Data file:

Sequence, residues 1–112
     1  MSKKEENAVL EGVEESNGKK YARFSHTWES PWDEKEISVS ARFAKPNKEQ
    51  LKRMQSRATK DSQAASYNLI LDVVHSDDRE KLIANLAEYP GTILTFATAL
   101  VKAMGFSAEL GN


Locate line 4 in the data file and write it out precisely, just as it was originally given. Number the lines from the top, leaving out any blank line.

   101  VKAMGFSAEL GN